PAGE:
The Holocaust is not a laughing matter, Jimmy Carr - opinion

The writer has been struggling to understand how anyone can think it’s okay to joke about the Holocaust.

 JIMMY CARR attends the 12th Annual Stand Up For Heroes at the Hulu Theater at Madison Square Garden in 2018 (photo credit: MIKE PONT/GETTY IMAGES)
JIMMY CARR attends the 12th Annual Stand Up For Heroes at the Hulu Theater at Madison Square Garden in 2018
(photo credit: MIKE PONT/GETTY IMAGES)

For Jimmy Carr, the British-Irish comedian, nothing is off limits. His repertoire includes jokes about dwarfism, rape, pedophiles, terrorism, disability and the list goes on. He calls it his dark material or dark humor and uses it to poke fun at whoever and whatever he likes, however depraved or disturbing. He’s extremely popular, as evidenced by his sellout shows; however, more recently Carr seems to have pushed it too far.

He warned people ahead of his Netflix show His Dark Material about the terrible things contained in it, which included the following joke:

“When people talk about the Holocaust, they talk about the tragedy and horror of six million Jewish lives being lost to the Nazi war machine…but they never mention the thousands of Gypsies that were killed by the Nazis. No one ever wants to talk about that, because no one ever wants to talk about the positives.”

The joke was met, not with gasps of horror as one might expect, but with peals of laughter. In their defense, some of the audience members may not have been able to fully digest the sheer depravity of the joke. Others may have laughed along, not wanting to seem like party poopers.

Carr himself described the joke as “f*****g funny” and “edgy as hell.”

 Jimmy Carr (credit: Wikimedia Commons) Jimmy Carr (credit: Wikimedia Commons)

Naturally, the traveler community was utterly appalled by it – and they weren’t alone.

The Traveler Movement, a charity which works in partnership with the traveling community, tweeted, “This is truly disturbing and goes way beyond humor,”

Olivia Marks-Woldman OBE, Chief Executive of Holocaust Memorial Day Trust added,

“We are absolutely appalled at Jimmy Carr’s comment about persecution suffered by Roma and Sinti people under Nazi oppression, and horrified that gales of laughter followed his remarks.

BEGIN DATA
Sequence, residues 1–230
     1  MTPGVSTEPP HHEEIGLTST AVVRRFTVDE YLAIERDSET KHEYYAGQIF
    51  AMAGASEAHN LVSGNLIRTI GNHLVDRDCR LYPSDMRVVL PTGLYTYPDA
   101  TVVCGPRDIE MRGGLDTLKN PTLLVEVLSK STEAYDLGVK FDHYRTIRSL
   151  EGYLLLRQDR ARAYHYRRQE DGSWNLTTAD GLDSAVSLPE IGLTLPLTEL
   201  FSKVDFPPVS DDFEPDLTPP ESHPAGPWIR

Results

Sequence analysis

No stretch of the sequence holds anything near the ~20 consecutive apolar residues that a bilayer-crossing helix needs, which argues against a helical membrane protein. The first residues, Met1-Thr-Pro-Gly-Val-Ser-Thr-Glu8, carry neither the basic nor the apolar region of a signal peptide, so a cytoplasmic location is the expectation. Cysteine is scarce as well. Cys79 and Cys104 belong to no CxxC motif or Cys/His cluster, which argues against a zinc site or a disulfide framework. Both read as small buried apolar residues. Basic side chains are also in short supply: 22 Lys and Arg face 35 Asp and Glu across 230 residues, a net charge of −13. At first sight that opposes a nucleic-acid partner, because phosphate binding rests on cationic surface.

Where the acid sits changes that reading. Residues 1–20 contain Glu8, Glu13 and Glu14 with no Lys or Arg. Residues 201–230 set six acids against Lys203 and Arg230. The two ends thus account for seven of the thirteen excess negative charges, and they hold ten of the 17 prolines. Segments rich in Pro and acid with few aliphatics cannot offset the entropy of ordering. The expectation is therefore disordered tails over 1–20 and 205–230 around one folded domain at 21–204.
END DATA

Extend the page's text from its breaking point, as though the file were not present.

Hundreds of thousands of Roma and Sinti people suffered prejudice, slave labour, sterilization and mass murder simply because of their identity. These are not experiences for mockery.”

THE JOKE HAS been branded disgusting and grotesque, and calls for Netflix to remove it from Carr’s performance are growing.

Although members of the audience who were present could, perhaps, be forgiven for laughing along in the heat of the moment, others who weren’t there but laughed at the joke as well should know to do better.

Anyone hearing this joke in the cold light of day would be utterly appalled by its depravity or so you may think; however, a surprising number of people think that Carr did nothing wrong. It was just a joke or dark humor, they assert.

Carr relies heavily on his dark material to give him free rein to utter such obscenities. His fans don’t question it either, preferring instead to brand those who are offended and appalled by it as too sensitive, negative and judgmental – in short, they are the ones with the problem.

Over the last couple of days, I’ve engaged with a number of such people, mainly Jews, on social media and have been shocked by the way in which they have made light of the situation. Instead of calling out Carr, I have been the subject of their criticism and derision.

I wonder whether those same people would have responded in the same way had the joke been about jews rather than travelers.

Given the right context, dark humor can be used to explore taboo subjects that are normally considered too serious or painful to discuss by provoking discomfort, serious thought and amusement.

IN A LAME attempt to sanitize his appalling blunder, Carr stated that the joke had educational quality. However, a fulsome apology would have been more appropriate, followed by a lengthy period of silence and self-reflection.

Regrettably, neither has been forthcoming, thus giving rise to the suggestion that the joke was told in a pathetic bid to shock, to be edgy and to stay relevant. His mealy mouthed words are all too redolent of the playground bully or racist thug who, when pulled up will always seek refuge in the universal cry, “It’s only a joke! Where’s your sense of humor?”

As the British comedian David Baddiel, who is Jewish, intelligent and funny, said “You can obviously tell a Holocaust joke that is cruel and inhumane and mean-spirited and racist… or you can tell one that targets the oppressors, or draws attention to the fundamental evil of it, or shines a light on the humanity of the victims... It’s not the subject matter of the joke that counts, it’s the specifics of the individual joke. Clearly, Jimmy Carr’s was the former.”

In light of the above, I’ve been struggling to understand how anyone can think it’s okay to joke about the Holocaust. Have people become so conditioned to laugh at anything labeled a joke that their morals, values and sense of decency go out the window? All one can hope for is that Carr’s cruel, inhumane, mean-spirited and racist joke backfires on him so we won’t have to suffer him and his offensive routines any longer.

The writer is a former lawyer from Manchester, England. She now lives in Netanya, where she spends most of her time writing and enjoying her new life in Israel.